encryption, search, and due process [cr-95/10/21]


Sender: •••@••.••• (Kurt Guntheroth)

In the United States, on issue of a warrant stating the place to be searched
and the evidence to be seized, and after showing "probable cause" that
criminal activity is occurring, the police can search any premises, batter
down any door, force any lock.  They can read your mail and listen to your
phone conversations.  The Constitution does not provide unlimited protection
from search and seizure, nor does it guarantee unlimited privacy.  I venture
that laws are similar in most democracies.

Strong cryptography is a thing not anticipated by the Constitution; a lock
that cannot be picked, a door that cannot be forced.

Much as I loathe escrowed keys (a technically unworkable system as well
as an invitation to tyranny and domestic espionage) we must answer the

    Why do we have a right to privacy in cyberspace that is greater than
    our right to privacy in the physical world?

As yet, I have no reasonable answer to this question.  The best answer would
be a demonstration that the constitutional protection was not strong enough
in the physical world or in cyberspace.  Fear of tyranny does not seem enough;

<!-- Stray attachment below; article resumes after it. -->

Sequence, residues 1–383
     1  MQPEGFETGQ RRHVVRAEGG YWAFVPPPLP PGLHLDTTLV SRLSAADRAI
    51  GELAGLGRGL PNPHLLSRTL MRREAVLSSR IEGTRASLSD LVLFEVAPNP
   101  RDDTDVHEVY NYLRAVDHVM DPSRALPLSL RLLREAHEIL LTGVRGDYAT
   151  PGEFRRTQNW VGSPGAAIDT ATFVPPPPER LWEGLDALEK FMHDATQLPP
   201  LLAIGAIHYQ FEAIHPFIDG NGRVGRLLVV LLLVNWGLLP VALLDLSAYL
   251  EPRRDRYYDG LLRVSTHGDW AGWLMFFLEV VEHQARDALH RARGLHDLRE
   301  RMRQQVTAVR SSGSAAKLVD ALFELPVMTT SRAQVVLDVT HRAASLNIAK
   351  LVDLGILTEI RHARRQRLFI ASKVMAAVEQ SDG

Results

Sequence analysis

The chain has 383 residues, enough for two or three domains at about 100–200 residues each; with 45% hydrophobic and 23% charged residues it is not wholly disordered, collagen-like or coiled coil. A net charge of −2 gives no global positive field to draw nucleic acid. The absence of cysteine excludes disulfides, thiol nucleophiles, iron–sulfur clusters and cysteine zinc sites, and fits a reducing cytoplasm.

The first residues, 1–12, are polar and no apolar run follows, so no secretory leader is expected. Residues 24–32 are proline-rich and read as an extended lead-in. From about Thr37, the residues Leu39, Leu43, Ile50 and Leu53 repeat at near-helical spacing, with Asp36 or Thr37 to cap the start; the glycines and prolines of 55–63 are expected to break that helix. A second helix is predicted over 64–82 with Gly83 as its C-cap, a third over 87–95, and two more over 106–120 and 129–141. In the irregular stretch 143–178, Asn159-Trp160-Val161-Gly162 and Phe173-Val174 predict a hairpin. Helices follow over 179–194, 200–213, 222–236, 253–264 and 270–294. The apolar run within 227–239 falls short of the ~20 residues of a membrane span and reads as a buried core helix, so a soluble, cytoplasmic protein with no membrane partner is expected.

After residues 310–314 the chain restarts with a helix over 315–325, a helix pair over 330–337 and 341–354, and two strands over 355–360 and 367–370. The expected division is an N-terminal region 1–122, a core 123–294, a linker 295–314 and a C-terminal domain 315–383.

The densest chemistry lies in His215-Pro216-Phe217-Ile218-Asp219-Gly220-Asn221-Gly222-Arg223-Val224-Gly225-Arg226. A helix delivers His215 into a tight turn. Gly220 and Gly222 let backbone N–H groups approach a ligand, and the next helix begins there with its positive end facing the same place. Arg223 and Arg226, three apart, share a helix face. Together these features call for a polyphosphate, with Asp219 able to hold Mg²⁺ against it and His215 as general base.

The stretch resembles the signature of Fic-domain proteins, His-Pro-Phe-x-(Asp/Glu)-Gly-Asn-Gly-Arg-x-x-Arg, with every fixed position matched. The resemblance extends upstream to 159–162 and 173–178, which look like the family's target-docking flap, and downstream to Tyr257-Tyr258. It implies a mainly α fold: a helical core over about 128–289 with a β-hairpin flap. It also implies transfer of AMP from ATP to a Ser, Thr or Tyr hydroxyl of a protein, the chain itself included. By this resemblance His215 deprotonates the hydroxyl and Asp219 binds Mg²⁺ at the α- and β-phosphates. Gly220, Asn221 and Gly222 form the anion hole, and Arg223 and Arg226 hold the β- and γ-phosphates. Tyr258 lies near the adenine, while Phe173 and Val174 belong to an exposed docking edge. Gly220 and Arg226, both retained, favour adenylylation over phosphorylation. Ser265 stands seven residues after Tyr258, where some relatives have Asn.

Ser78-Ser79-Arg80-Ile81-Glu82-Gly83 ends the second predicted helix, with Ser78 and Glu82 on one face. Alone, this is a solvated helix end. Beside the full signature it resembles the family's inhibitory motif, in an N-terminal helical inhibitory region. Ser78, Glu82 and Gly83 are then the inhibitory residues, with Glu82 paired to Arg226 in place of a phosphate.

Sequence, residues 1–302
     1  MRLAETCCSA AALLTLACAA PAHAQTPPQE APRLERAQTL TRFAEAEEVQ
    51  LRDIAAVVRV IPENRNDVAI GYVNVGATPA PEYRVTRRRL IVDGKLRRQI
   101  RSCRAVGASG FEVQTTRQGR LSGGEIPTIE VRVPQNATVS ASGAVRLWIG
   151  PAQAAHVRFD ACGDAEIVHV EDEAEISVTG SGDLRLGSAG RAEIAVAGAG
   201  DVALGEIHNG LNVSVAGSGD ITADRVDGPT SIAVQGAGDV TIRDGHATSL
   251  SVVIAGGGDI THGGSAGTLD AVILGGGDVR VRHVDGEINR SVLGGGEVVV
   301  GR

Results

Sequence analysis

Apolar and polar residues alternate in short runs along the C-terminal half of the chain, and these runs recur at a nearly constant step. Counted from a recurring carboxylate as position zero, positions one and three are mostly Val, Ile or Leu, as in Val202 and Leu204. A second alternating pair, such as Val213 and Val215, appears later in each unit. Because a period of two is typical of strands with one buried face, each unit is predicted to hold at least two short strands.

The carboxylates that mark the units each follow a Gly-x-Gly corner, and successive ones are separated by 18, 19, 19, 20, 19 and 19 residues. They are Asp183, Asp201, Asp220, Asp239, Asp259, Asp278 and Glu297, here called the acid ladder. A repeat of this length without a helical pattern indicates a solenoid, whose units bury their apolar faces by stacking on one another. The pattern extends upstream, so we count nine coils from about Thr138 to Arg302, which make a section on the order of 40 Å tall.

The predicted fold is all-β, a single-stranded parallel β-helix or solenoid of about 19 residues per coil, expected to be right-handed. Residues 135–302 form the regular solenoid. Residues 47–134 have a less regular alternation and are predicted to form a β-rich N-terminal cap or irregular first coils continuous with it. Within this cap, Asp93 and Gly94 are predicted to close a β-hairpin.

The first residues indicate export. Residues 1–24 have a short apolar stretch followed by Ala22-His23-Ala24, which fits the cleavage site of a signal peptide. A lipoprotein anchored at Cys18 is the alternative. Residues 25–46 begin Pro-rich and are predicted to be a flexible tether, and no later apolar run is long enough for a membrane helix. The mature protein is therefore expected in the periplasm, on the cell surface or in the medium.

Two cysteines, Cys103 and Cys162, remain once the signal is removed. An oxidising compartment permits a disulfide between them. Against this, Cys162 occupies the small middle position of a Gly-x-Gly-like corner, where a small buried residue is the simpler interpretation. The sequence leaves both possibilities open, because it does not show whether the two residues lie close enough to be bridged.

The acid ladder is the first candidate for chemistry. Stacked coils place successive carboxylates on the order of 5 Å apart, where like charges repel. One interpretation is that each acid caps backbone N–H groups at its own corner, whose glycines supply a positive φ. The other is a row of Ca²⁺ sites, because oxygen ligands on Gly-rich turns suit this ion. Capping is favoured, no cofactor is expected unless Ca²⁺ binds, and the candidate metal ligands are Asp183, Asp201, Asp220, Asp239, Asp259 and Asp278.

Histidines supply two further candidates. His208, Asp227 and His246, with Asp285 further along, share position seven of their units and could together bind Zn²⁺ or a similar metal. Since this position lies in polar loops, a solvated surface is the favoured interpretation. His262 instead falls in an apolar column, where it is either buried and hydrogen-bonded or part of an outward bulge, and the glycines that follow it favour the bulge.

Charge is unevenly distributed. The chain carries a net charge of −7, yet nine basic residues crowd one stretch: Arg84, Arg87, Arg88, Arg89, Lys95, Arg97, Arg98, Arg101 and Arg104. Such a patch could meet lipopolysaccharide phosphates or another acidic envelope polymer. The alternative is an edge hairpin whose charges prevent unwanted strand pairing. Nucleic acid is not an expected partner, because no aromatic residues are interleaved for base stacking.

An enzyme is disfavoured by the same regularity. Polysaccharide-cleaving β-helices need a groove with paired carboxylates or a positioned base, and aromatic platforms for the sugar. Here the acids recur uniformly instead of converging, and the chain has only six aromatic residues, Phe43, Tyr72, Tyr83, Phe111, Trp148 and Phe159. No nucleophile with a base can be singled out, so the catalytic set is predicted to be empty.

it is a real but remote possibility.

Any ideas?


Sender: Simeon ben Nevel <•••@••.•••>

On Thu, 19 Oct 1995, Cyber Rights wrote:

> Encryption

>                            Can restrictions on encryption help to
>     break up terrorist organizations and gangs?

It certainly doesn't seem to have helped the French very much!!  The
French government has long-standing ban on the use of strong crypto (with
out explicit and very hard to get official permission).

This ban, however, has not stopped the Algerian terrorists from bombing
innocents at will in the Paris Metro.


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 Posted by Andrew Oram  - •••@••.••• - Moderator: CYBER-RIGHTS (CPSR)
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